Edwards Deming once said, “In God we trust, all others must bring data”. Indeed, the economy of data is here. The amount of data generated by humans every day is enormous. More data was generated in the last five years than in the entire history of our civilisation. And this was possible because of the massive advent in computing technology. Data is the new oil. A buzzword that has been doing the rounds in academic and industrial circles for a long time is the term ‘Big Data’. Organisations are looking for ways to analyze big data to solve the biggest societal problems. Companies are doing it to improve their businesses.
This new data driven economy has given birth to a new profession: the Data Scientist.
Who is a Data Scientist?
The data scientist takes an organisation’s data and uses statistics , math and computing to make predictions or generate insights that may be used by a company to take important businesses decisions.
Given the potential of Big Data companies are spending a fortune on these professionals. Almost every company wants to have its own data science team. Thus this new profession means big money. Data Scientists are easily among the highest paid professionals today. Yes, Fortune 500 CEOs earn more, but for the remaining 99.9% of us, the Data Scientist is hard to beat. Their earnings typically start at upwards of five ciphers and increase with experience. The Harvard Business Review famously termed the Data Scientist as “The Sexiest Job of the 21st Century”.
What makes a Data Scientist so valuable?
Let’s take a look at some of the problems that a typical data scientist might be required to solve.
Saber-metrics: the application of data science to baseball. In the noughties, a second rate team in American baseball called Oakland As made it to the playoffs of the World Series by winning equal number of matches as the favorites Boston Red Sox. This was in spite of the fact that the As payroll was only a fraction of that of the Red Sox. A similar victory was scripted this year in the English premiere League by Leicester City. Both these teams stood out because of the use of advanced data analytics. Today almost all sports franchises have data analytics teams.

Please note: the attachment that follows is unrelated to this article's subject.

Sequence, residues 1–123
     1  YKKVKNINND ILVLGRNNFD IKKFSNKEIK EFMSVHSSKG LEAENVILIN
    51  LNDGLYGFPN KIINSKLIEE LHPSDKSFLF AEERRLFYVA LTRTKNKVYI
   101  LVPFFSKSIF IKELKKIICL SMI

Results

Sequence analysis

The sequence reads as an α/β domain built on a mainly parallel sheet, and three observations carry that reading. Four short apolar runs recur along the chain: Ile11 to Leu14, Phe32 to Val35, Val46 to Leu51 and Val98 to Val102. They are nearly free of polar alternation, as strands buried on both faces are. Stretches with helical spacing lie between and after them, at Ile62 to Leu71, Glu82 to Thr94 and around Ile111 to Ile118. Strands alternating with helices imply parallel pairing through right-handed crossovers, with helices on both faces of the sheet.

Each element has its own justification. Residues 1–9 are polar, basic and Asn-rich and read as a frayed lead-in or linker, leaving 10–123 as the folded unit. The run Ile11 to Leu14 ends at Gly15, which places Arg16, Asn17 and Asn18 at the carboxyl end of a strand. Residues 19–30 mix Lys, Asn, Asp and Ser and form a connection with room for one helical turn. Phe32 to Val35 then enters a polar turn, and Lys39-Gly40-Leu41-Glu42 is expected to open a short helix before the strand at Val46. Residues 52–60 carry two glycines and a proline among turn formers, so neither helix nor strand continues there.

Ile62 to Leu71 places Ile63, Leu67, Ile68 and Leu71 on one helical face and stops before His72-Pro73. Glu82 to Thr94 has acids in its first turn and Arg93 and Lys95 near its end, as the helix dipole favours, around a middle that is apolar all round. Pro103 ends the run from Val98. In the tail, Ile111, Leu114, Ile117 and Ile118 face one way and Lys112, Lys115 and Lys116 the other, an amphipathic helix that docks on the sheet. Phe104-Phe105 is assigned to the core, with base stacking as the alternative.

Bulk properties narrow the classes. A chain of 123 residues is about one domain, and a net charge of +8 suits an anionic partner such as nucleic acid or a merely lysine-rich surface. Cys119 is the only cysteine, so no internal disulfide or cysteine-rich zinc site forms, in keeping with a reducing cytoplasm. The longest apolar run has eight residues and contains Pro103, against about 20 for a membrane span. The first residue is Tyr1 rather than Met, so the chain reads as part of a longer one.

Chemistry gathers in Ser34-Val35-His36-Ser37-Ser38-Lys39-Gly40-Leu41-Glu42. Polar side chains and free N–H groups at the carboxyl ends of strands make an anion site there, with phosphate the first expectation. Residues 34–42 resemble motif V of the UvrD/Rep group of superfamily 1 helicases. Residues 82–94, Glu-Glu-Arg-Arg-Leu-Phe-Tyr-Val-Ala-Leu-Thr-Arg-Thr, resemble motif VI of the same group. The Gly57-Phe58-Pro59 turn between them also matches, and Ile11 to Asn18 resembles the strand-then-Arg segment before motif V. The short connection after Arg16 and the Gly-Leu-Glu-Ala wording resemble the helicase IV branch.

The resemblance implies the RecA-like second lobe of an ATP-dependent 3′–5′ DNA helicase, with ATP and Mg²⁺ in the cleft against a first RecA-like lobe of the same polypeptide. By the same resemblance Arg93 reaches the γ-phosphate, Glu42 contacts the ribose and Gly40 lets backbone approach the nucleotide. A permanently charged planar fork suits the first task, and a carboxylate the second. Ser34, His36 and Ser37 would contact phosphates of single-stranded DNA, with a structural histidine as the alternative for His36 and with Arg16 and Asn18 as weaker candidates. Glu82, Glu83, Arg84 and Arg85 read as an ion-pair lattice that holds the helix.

Retail: If you are a retail store owner, you may be bothered by questions like: How much shelf space should I give to product X. In which part of the shop should I stack product Y to improve consumption? What is the right product mix for my shop? All these questions can be answered by data science. That said, to laud data science is not to undermine the importance of subjective decision making. But Data does help us take more informed decisions.
Traffic Control: Traffic data all over the world is being analysed to arrive at efficient traffic control systems that make life easy for commuters. Several years ago, Southwestern Airlines reduced operational costs using sophisticated optimization algorithms.
Data scientists are trying to predict stock market prices, results of presidential Elections, the number of runs Kohli will score in the next IPL season and so on.
However becoming a data scientist is not quite as easy as it sounds. It requires a good understanding of programming and statistics along with good business knowledge. Data Scientists are rare and that justifies the demand for them.
Bottom line: The data economy is here and the data scientist is here to stay.
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